Dr Michael Lambert, Fellow in Social Studies at Lancaster University – Friday 13th May 2022
An interesting talk was delivered by Dr Lambert, in which he brings to life the Social Survey of Merseyside, which became both an authoritative and influential text and an important policy reference point. He described the purpose of the survey, the overall context in which it was carried out and the key importance it provided to policy-makers as a focus of subsequent social and welfare policies. The Survey’s geographic coverage helped set in place a federation of boroughs; what today is known as the city region. The period covered by his talk was from the 1930’s up to the current day.
Published by Liverpool University Press, The Social Survey of Merseyside 1929–34 in three volumes, dealt with: Volume I: Fact Finding, rich nuanced statistics of ordinary working people, day to day realities. Vol II: Impacts of the Great Depression on Merseyside and its managed decline, and Vol III: A Relationship to the problems at the time, to give a clearer understanding. Subject domains explored included: Facts, Poverty, Education, Migration and Housing. The Survey’s work built upon the foundations laid down by Charles Booth, a pivotal figure in the reforming movement of Victorian England, whose work in London set the scene for the expansion of contemporary social studies. Community initiatives to reform injustices and a focus on welfare issues already existed in Liverpool; Eleanor Rathbone is cited, however the appointment of the academic Sir Alexander Carr-Saunders to the Charles Booth Chair of Social Science, whilst politically contentious at the time, did add academic credibility and validated the scientific nature and objectivity of the survey. Carr-Saunders’ presence was key to the funding of the survey by the Rockefeller Foundation.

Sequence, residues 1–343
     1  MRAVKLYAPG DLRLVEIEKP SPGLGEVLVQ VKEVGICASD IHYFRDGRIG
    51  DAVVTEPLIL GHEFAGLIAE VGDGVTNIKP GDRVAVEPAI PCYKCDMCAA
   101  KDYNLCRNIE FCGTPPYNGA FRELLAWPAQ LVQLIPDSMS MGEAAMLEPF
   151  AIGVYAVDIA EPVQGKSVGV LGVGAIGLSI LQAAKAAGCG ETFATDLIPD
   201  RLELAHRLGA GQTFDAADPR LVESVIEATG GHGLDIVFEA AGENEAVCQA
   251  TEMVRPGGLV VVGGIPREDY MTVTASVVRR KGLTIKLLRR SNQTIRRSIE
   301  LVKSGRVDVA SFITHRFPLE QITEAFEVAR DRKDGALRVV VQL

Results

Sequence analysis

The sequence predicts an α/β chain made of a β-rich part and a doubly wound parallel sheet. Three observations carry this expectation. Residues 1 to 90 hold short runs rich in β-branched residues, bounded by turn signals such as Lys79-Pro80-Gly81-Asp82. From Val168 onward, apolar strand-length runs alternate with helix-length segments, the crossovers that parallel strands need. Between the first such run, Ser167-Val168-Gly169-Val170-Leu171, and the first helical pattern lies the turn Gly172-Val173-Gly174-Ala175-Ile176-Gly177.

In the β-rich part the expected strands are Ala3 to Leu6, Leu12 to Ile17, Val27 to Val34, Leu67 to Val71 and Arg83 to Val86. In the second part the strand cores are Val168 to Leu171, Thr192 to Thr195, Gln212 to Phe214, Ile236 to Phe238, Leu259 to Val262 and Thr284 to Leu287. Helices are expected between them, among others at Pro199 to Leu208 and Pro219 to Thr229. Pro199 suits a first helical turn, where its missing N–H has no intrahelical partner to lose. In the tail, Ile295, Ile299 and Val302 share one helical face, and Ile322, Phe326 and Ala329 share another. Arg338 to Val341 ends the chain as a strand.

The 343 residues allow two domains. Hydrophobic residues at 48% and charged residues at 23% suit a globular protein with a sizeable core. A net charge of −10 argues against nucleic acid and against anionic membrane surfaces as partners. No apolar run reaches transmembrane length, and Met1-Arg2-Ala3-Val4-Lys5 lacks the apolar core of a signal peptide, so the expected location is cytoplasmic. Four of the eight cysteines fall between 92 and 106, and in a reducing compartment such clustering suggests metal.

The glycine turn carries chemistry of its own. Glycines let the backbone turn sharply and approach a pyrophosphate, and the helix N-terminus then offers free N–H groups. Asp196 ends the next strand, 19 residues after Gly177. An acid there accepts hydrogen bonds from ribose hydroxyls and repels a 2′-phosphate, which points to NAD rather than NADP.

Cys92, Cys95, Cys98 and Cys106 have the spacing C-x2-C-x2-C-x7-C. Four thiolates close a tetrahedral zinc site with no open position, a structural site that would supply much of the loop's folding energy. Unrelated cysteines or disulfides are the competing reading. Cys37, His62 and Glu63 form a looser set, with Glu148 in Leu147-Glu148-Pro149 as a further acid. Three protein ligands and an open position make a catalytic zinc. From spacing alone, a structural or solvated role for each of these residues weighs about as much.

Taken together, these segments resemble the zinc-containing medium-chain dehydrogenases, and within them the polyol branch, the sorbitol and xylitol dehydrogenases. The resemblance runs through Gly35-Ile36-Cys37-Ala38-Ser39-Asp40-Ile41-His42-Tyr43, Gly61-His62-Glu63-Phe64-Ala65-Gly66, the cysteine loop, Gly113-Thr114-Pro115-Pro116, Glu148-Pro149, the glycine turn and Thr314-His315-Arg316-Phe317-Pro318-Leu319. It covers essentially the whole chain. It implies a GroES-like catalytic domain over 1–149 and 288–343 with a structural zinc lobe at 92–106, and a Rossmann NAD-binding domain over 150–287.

The Review occurred when a national reforming zeal was very evident and there was a call for evidence of wider issues than those social pathologies, particular to Liverpool and Merseyside at that point. Evidence was provided about Shop Assistants work conditions, Unemployment Insurance, Sterilisation and a Family Budget Inquiry. There was a local, national and also an international interest in the findings, which would distinguish this survey from others. David Caradog Jones led a team of researchers who collated the information yielded from volunteers [included School Attendance Officers, Health Visitors, Personal Service Society and the Child Welfare Society] who undertook statistical sampling surveys of the population they encountered through their daily work. The results would be impactful and have national influence on policy changes at the very time that a welfare state ideology was supplanting the Poor Law mentality. There was also an ongoing intellectual curiosity, where eugenics was actually considered as a policy option; especially as a discussion of how defective genes could be managed and eliminated, a popular concept under consideration being explored across Europe and beyond.
The Survey was wound up in 1950, as new or more nuanced directions were taken by the University of Liverpool. However, information yielded over time had influenced both local and national policy and helped to influence future welfare policies.